How many of you know where Ljubljana is? Did you have to Google it? Well let me tell you this could be one of my favorites and is definitely on the list of my “got to return to” places. This trip is turning out to be a sampler that is whetting my appetite for more European travel. So how am I going to fit in the rest of the world?
My train from Budapest arrived about 9:00 pm. During the Hungarian part of the trip we were behind schedule and I was worried about arriving late to find my room had been given away (needless worry it turned out). When we crossed into Slovenia the train got back on time and each stop was to the minute of the printed schedule. Still it was dark by the time I got off the train so I was glad that I had taken time prior to leaving Budapest to find the hotel on my map application on the iPad and familiarize myself with the route to my hostel. I was only a 10 minute walk and the streets had enough passing cars and people that I felt safe. Actually, everywhere has seemed pretty safe.
The hostel was actually two floors of a twelve story hotel and I had a shared room with two other girls on the twelfth floor. The normal room had two bunk beds crammed into it and they left the sheets for you to make up the bed yourself. These were kids bunk beds so the lower bunk was too short to sit up while you were in bed. I have to say that they were the worst beds so far. The good news about the room was that the two Spanish girls who were in the room only stayed one night and I had the room to myself for the next two nights. The first night there were several young people having a party in the hall until 3am so it was pretty loud and hard to sleep.
My first full day was a Sunday and in Ljubljana most of the stores were closed. I did a walk round the old city center on my own, taking lots of pictures and getting the lay of the land. There is a river running through the main part of town and Ljubljana has some interesting bridges crossing it. There is the Dragon Bridge with 4 bronze dragons. The 3 bridges which are grouped together in the center of town. There is a middle bridge that was for traffic and when cars started being used they added pedestrian bridges to either side of the old bridge rather than widening it to allow both people and cars to cross safely. Then there is the Butchers Bridge which has glass floors on each side and boys used to sit in boats under the water to watch for girls in skirts going by.
I took the free walking tour that morning as per my routine to get oriented. On the tour we went into the St. Nicholas church and stood at the back briefly during a mass. Wow! The inside was phenomenal. Completely covered in painted frescoes and gilded cornices and flourishes. It was inspiring as well to hear part of the service. The pews were filled with locals so I was a bit awed and only stayed a short minute or two. Our guide told us about the entrance doors which were cast bronze with a relief of the story of the Slovenian people from pagan times up to when they were visited by Pope John Paul.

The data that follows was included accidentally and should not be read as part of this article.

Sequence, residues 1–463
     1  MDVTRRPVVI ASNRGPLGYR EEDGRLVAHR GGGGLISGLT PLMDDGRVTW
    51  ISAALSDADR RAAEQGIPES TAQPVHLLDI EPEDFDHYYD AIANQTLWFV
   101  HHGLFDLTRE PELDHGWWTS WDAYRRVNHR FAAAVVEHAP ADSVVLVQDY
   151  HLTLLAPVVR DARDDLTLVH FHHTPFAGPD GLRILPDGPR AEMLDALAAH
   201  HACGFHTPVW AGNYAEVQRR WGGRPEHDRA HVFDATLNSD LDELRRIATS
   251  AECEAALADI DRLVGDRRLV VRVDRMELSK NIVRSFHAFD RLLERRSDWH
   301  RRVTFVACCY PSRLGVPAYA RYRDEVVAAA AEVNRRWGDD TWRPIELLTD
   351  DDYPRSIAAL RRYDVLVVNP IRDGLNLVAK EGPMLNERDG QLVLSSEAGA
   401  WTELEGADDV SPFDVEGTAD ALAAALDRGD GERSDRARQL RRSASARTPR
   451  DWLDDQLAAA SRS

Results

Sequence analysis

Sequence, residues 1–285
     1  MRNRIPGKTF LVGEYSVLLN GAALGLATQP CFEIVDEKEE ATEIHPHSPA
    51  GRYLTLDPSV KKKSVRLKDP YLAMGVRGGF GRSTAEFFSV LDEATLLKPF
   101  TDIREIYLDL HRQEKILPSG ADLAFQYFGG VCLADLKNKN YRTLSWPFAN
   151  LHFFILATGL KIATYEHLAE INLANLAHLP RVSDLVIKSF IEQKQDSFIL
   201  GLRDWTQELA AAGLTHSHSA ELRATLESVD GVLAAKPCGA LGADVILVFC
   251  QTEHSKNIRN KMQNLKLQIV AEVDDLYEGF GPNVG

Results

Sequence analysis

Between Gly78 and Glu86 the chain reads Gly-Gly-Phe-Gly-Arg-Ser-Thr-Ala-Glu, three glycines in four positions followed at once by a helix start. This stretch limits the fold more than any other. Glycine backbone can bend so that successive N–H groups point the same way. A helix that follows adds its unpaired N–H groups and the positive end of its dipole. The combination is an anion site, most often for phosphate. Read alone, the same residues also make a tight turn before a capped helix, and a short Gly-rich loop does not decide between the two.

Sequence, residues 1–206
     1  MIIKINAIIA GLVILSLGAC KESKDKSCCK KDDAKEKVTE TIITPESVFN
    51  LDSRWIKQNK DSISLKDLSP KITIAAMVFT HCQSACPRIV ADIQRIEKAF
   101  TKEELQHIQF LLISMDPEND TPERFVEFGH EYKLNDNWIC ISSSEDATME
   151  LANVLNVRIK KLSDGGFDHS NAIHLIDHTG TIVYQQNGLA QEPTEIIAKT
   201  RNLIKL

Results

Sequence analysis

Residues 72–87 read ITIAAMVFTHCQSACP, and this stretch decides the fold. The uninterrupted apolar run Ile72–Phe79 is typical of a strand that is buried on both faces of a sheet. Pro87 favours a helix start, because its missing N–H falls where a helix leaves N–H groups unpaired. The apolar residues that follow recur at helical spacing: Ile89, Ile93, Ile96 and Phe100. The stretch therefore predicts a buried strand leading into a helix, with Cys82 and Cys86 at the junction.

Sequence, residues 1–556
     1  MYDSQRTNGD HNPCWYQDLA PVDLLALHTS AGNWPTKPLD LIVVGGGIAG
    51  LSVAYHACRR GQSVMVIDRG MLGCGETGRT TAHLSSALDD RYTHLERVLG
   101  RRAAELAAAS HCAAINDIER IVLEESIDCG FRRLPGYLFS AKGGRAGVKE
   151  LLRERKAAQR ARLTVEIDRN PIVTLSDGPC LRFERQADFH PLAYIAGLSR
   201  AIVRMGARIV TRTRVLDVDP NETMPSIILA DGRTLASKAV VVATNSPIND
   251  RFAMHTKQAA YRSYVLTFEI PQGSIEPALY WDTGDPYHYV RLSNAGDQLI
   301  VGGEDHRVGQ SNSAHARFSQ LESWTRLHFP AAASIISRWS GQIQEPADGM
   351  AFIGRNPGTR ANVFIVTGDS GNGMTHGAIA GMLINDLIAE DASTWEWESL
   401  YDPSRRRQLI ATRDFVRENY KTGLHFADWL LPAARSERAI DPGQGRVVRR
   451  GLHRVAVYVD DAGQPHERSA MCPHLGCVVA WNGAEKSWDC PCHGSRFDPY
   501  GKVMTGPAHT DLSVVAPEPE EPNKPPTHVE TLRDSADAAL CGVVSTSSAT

Most of the downtown is closed to vehicles, so there is almost an air of a theme park as you walk around. I found a nice small restaurant for my main meal, a selection of grilled meats and fresh green salad. As I was walking back to my hostel, the waitress ran after me to bring my camera which I had left behind by accident. Close call and I was so thankful that she came after me.
I have found the Slovenian people so very friendly and helpful. It seems they all speak excellent English…more on that..
I visited the castle high on the hill above the old city, taking the funicular up to the top. There is a museum there which had some fun information along with some replicas of old finds. The thing I like was that since they were replicas they encouraged you to touch them. One of the items was a bone flute, supposedly the oldest musical instrument found in Europe. I also climbed a double spiral staircase (one spiral for going up and one spiral for going down) up the tower to the highest point of the castle and where this giant flag of Ljubljana was whipping in the breeze. It was a clear day so I got some good shots of the city.
They also had a photo exhibition of Steve McCurry, the photographer who shot the Afghan Girl. It was well worth the 10 Euro price to walk though his pictures. He is one of my favorite photographers and when I got to his 9/11 photos I got a bit choked up.
Later that afternoon, I got help from the desk at the hotel to rent a car. They had a special of 31 Euros for a Swatch car. What a fun car to drive! I picked up the car about 4pm and decided to run up north of the city to Bled, a pictures town next to a lake with a small island that has a church on it. The church is famous for weddings and grooms are supposed to carry their new bridge up all 99 steps from the boat dock to the church.